Comeback Kid takes an unconventional yet hardcore approach

By Julia Osinchuk

If one was to compare music to high school and bands to students then Comeback Kid is the hyperactive overachiever that isn’t quite made from the same material as everyone else. The band takes an unconventional approach to hardcore music and has toured worldwide, garnering international attention and with signs of slowing down any time soon. In the past two years alone, Comeback Kid has been to almost every continent, touring Canada, the US, Australia, Southeast Asia, Japan, Europe, New Zealand, Iceland and numerous other areas. The boys are grateful for the experience that touring has given them.

“If it wasn’t for music we wouldn’t have been able to have these opportunities to travel and experience all these different cultures that normally you’d always dream about,” says guitarist Jeremy Hiebert. “The average person probably has one or two crazy travels in their lifetime, but we’ve been very lucky and fortunate to be able to experience all these different cultures and play for kids around the world that for some reason know our music.”

Though fans wait patiently for a new studio album, Comeback Kid seems to remain keen on touring internationally. They do, however, hope to adhere to fan’s wishes eventually. The band does have a reason for the wait though: writing is a big process for them. In perspective, for a band that has been around for as long as they have, they have gained a lot of attention internationally despite only releasing three albums. Many attribute this success to the thoroughness the band takes when creating their albums and their extensive promotion.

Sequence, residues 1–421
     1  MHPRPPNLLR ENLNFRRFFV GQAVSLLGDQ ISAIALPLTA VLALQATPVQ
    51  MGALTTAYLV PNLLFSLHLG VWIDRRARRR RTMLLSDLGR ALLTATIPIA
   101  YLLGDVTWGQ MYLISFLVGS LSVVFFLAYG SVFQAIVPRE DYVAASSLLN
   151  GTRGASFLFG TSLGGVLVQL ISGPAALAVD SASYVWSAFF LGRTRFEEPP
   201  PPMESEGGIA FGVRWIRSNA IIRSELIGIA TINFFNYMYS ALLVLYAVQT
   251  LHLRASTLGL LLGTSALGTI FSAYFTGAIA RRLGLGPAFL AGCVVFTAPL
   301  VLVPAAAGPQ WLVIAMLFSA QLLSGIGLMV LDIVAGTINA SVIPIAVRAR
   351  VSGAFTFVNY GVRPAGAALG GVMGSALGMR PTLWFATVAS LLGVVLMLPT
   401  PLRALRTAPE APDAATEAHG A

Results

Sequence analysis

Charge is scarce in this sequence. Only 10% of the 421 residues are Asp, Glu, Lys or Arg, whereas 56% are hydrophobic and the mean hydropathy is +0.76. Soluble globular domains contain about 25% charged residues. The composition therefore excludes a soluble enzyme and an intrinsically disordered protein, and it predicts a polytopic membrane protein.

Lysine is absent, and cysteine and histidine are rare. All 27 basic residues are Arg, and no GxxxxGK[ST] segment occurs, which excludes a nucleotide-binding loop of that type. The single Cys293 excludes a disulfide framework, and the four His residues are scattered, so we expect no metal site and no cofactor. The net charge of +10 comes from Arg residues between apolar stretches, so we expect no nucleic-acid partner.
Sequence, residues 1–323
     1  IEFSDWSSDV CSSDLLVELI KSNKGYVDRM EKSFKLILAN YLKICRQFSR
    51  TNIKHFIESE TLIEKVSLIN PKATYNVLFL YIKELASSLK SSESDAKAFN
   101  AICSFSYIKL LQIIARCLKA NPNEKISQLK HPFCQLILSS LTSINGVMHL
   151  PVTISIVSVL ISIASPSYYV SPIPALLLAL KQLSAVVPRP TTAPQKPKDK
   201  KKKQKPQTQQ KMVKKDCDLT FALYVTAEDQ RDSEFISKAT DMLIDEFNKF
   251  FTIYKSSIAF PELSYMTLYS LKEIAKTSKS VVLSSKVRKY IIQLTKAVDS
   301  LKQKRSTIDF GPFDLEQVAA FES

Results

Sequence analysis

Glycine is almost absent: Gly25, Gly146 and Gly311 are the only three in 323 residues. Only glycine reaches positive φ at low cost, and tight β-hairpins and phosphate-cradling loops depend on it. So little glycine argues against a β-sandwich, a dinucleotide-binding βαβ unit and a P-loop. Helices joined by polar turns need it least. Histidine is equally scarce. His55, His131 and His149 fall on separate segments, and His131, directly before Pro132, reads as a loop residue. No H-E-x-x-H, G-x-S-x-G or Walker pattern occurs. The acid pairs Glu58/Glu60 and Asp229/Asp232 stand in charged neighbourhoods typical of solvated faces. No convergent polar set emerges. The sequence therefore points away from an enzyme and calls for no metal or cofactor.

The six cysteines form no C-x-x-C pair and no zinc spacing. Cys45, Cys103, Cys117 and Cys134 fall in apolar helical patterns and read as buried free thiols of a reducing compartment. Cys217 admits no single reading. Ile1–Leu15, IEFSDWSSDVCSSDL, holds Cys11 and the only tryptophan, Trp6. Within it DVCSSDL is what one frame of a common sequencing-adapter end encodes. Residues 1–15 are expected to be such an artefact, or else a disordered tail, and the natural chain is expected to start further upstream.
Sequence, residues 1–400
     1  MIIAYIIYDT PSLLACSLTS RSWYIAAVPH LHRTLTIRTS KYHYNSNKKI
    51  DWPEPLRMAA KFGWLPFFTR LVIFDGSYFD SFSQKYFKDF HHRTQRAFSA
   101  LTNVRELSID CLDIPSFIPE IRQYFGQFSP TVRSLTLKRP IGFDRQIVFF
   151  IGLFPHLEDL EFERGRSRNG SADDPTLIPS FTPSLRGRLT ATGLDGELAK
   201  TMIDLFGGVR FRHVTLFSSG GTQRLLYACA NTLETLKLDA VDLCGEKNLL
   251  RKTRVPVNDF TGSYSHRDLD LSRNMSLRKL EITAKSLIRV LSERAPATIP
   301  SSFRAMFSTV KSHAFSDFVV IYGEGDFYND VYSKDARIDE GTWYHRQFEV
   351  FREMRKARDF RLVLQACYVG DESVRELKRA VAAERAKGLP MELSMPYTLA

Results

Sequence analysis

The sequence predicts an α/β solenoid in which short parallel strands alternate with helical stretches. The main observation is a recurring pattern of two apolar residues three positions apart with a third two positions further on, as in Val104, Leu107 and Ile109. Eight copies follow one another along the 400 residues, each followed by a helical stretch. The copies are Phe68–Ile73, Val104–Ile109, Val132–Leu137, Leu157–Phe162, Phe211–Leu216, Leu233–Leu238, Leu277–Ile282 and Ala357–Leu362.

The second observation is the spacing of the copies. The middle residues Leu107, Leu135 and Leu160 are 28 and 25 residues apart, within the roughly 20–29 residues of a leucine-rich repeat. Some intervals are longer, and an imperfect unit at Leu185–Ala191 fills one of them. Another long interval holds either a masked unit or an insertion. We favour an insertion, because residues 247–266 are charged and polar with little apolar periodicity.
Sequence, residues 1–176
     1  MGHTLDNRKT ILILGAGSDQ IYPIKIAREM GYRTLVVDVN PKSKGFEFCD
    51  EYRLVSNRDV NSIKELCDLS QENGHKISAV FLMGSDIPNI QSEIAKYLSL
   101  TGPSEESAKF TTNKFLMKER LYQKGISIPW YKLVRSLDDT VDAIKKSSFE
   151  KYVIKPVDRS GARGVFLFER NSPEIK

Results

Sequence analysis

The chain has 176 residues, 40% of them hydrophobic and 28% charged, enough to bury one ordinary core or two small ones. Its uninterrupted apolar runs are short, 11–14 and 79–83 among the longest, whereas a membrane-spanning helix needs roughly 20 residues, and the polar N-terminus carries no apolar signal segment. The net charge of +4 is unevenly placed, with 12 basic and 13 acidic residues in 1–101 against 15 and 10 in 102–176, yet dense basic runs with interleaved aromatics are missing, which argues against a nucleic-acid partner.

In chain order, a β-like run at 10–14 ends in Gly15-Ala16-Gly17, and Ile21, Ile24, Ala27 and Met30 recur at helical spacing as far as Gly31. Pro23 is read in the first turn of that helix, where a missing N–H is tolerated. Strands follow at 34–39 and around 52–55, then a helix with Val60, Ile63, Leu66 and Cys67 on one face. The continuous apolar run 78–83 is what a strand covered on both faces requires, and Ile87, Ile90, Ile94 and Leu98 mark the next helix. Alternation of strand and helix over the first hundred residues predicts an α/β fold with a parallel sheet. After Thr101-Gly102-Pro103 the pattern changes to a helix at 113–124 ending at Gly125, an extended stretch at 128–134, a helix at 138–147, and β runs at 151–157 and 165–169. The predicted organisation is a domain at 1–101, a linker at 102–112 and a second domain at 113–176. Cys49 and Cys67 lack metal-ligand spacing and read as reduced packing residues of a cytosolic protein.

“We’re not sure when its going to happen, but I would really like to think that next year we should have something out,” Hiebert explains. “Right now, we’re really just focused on this project [touring] and we don’t want to bog ourselves down with too much all at once. Within the next month or two though we’re probably going to sit down and see where we are with writing. If we don’t have the material we’re not going to force it out. We’re not going to release another album until we have that material and we’re actually happy with it. There are too many bands that put out records just to put out records. Those kinds of bands just fall flat on their face.”

Since starting in 2002, the band has experienced both changes in members and a shift in musical style. They have strayed away from their raw roots that they were founded upon, and their most recent album, Broadcasting. . ., features a much more layered sound, though the band insists the two changes have nothing to do with each other.

“Kyle [Profeta], Andrew [Neufeld] and I do all the writing,” Hiebert says. “We have been since the beginning. I don’t think we set out to make a darker or more layered record. Those things just kind of happen within songwriting. As time passes, we’re listening to different kinds of music, or different styles or whatever, things influence you.”

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